On 12/07/18 18:08, Kerr-Mudd,John wrote:
> On Thu, 12 Jul 2018 02:48:51 GMT, Peter Moylan
> <***@pmoylan.org.invalid> wrote:
>> On 12/07/18 03:34, Quinn C wrote:
>>> * Athel Cornish-Bowden:
>>>> Harold Holt, Prime Minister of Australia, discovered to his
>>>> cost that sharks don't care whether you're a head of government
>>>> or not, [...]
>>> | [...] no trace of his body was ever found. [...] Some have
>>> alleged | that Holt committed suicide [...] Conspiracy theories
>>> have included | suggestions that Holt faked his own death, was
>>> assassinated by the | CIA, or was collected by a submarine so
>>> that he could defect to | China.
>>> Even with so many theories, sharks aren't mentioned.
>> That article is incomplete. At the time of his disappearance,
>> "taken by a shark" was probably the dominant theory. Some people
>> did suspect some combination of the CIA, the Russians, and the
>> Chinese, but they were in a minority.
>> Enough of us have had the experience of being dragged out by a rip
>> to know how quickly you can be pulled out to sea, and how hard it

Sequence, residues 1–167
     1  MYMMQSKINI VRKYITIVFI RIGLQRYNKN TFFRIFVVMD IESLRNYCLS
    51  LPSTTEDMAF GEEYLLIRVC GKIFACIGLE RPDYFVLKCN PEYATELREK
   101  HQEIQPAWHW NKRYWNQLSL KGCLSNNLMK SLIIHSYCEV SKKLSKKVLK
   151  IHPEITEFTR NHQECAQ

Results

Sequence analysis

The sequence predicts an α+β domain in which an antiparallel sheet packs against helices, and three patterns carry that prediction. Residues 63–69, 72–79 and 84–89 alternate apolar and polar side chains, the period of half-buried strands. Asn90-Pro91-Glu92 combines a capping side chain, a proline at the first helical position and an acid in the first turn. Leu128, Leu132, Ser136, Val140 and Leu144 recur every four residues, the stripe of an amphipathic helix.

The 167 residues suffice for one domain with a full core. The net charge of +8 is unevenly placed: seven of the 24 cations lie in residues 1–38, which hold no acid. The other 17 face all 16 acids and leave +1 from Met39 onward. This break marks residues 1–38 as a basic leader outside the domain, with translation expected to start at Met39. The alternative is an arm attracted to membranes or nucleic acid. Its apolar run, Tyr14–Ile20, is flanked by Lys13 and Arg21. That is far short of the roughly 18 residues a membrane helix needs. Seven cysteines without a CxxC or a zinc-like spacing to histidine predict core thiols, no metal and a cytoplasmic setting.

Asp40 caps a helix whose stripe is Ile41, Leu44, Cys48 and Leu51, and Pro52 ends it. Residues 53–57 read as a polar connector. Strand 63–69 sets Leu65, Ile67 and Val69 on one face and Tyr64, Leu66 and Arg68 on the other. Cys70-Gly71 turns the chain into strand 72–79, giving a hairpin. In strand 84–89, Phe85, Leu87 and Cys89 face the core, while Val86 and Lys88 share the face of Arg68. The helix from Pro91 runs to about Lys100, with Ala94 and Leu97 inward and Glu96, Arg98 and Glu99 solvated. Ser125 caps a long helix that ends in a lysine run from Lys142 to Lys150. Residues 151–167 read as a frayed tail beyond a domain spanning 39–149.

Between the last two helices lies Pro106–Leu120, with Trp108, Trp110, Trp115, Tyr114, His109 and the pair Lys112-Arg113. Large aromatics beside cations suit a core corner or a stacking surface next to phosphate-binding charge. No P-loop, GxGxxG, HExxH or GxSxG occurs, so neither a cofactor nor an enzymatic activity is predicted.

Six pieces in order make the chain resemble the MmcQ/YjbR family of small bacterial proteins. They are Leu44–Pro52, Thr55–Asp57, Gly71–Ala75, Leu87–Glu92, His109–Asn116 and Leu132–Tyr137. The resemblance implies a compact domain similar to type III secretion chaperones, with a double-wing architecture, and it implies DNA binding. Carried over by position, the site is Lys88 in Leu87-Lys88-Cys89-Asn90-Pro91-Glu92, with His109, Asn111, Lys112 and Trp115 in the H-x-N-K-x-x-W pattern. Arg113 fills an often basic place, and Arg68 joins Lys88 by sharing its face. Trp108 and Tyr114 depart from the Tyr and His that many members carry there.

>> is to get back. That particular beach is a dangerous one, being
>> close to where a large bay meets the ocean. Nobody with any sense
>> would choose to swim there.
>> (Holt is remembered for his saying "All the way with LBJ", and
>> dragging us further into an unwinnable war, so we didn't credit
>> him with much sense.)
> The Australian coast isn't always so unforgiving; IIRC John
> Stonehouse managed to get washed up there after a swim off Miami.
Quite an achievement, given that he'd have to circumnavigate South
America to get from Miami to the Pacific Ocean.
It's unlikely that he reached land at Cheviot Beach. A look at the
region south of Melbourne will show why. Port Phillip Bay is a large bay
-- the largest in Australia, I think -- with a relatively narrow passage
to the open sea. When the tide is rising water has to rush into the bay,
and conversely on a receding tide. The resulting currents add up to a
lot of moving water. I don't know whether anyone has mapped it, but I'd
expect major circulating currents south of the bay.
Just east of that you have Western Port Bay, another tidal bay. (And no,
I don't know why it's not called Eastern Port.) That is semi-blocked by
Phillip Island, a popular tourist destination, whose beaches display an
interesting phenomenon. On the north side you have a gentle sea typical
of a bay. Just a short distance away, on the southern side of the
island, you get the savage waves of an ocean beach, in the treacherous
Peter Moylan http://www.pmoylan.org
Newcastle, NSW, Australia